An Enduring Tradition
Perhaps the most important and interesting aspect of Lent is that it has retained its fundamental meaning for over 1600+ years—repentance. This displays the power of tradition when used rightly within the Church to support the ministry of the Gospel!
Repentance is the process by which the Christian self-examines, reflects on sin, and turns his or her wanton gaze toward God for grace. Repentance is not only the way we become a Christian—but the way we live as Christians.
Repentance stands at the heart of eucharistic and all Judeao-Christian spirituality. Jesus’ preaching fundamentally was, “Repent—for the Kingdom of heaven is at hand!” (Matthew 4:17) In the Old Testament, when the worshipper brought a sin offering, he was to “confess his sin” to the priest (Leviticus 5:5–6). This tradition of confession of sin and repentance continued on in the Church without a Temple. Paul commands for the Christian worshipper to “examine himself” in partaking of the Lord’s table.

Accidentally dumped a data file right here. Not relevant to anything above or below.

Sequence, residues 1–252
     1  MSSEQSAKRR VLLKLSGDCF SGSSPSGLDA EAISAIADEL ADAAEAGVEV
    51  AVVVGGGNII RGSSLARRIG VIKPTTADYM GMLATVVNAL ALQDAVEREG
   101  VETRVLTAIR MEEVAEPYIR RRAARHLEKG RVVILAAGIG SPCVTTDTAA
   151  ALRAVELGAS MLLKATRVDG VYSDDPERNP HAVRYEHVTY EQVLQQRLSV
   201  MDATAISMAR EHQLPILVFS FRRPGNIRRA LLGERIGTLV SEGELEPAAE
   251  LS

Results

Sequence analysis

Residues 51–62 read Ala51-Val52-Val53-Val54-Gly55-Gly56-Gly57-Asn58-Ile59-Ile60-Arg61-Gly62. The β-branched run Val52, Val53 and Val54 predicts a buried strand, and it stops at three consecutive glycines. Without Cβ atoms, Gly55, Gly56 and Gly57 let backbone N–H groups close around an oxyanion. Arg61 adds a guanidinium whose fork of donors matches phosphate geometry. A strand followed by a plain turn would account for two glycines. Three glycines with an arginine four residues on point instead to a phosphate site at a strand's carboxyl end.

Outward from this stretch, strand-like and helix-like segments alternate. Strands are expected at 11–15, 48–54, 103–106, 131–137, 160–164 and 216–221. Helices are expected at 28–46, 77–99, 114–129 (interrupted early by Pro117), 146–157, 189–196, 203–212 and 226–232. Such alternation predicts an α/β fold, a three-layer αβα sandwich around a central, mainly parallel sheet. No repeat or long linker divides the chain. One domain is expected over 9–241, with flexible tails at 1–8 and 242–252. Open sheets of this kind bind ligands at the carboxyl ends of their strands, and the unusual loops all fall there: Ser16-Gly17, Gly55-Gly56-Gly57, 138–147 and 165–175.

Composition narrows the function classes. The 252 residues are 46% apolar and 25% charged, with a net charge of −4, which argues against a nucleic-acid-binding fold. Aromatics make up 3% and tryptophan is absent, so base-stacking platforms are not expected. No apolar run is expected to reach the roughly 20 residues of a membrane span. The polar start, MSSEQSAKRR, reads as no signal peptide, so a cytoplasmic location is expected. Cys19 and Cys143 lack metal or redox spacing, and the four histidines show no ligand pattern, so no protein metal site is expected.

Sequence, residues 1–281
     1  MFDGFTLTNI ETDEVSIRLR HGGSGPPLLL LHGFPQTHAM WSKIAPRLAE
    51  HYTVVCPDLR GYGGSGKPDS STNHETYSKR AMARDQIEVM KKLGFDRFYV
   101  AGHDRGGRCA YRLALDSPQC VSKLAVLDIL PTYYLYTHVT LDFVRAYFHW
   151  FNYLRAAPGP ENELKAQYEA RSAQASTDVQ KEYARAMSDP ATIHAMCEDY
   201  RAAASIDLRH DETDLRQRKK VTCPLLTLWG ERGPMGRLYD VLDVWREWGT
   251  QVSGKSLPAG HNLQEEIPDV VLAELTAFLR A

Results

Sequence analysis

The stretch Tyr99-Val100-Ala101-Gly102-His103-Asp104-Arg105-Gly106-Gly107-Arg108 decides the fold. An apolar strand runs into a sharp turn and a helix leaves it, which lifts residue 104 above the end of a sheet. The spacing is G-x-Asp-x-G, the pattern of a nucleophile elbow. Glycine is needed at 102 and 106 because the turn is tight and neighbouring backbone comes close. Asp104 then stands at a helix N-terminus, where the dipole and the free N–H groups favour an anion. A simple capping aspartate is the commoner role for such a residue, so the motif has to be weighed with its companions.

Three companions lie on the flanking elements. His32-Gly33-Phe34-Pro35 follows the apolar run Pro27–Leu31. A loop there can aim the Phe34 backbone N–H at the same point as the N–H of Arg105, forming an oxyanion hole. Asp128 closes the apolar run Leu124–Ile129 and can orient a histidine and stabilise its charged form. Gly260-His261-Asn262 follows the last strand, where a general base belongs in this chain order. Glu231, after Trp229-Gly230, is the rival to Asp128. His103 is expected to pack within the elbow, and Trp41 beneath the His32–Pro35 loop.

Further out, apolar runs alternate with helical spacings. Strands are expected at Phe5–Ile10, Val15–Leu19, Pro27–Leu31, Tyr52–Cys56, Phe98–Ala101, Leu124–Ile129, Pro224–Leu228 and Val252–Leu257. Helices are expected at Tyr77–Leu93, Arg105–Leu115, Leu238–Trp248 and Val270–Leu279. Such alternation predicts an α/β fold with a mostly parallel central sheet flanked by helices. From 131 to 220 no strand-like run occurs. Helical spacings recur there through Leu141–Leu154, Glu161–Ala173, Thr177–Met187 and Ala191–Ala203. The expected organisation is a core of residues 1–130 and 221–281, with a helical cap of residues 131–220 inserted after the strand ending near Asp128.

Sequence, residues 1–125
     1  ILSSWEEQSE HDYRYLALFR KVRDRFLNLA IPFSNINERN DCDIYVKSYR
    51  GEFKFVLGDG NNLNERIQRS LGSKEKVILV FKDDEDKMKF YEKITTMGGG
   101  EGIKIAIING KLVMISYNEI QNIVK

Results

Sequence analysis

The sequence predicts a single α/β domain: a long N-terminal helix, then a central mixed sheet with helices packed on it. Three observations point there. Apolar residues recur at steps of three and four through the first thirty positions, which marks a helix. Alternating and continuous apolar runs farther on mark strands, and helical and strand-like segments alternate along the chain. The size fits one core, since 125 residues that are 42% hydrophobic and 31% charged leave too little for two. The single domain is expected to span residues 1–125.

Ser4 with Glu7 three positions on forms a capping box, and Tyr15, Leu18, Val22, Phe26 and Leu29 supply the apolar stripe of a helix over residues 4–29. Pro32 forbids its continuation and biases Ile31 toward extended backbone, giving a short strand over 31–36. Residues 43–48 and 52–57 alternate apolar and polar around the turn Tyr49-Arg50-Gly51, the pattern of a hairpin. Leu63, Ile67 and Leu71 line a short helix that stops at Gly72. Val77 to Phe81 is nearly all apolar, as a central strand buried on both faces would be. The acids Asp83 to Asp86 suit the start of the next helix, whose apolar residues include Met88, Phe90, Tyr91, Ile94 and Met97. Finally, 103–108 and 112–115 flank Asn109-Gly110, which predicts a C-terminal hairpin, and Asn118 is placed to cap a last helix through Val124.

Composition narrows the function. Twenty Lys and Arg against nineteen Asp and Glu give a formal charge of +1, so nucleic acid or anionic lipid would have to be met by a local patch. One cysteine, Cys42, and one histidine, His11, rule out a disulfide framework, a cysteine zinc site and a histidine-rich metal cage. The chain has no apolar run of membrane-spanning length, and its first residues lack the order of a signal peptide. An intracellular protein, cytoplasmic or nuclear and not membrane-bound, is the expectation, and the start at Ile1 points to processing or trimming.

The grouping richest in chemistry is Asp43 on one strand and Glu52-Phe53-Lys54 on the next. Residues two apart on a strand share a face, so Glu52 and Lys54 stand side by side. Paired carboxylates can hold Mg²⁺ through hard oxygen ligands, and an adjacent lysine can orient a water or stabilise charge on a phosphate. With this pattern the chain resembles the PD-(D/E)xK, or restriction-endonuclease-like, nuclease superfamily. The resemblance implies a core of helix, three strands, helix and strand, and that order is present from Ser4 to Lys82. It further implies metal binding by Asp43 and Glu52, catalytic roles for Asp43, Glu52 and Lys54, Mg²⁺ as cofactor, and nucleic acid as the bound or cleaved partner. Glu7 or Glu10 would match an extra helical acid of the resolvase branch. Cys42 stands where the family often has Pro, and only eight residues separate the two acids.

(1 Corinthians 11:28)
The Spirit and the Letter
There is nothing in Scripture itself that commands Ash Wednesday and Lenten observation. As Christians worshipping in the Anglican tradition, we do not have a legalistic view of tradition. All tradition is there to serve the Church. And so according to the preface to the 1662 Common Prayer Book, we are free to express our faith in forms that are not in any way “contrary to the Word of God, or Sound doctrine, or which a Godly man not with a good conscience use and submit unto….”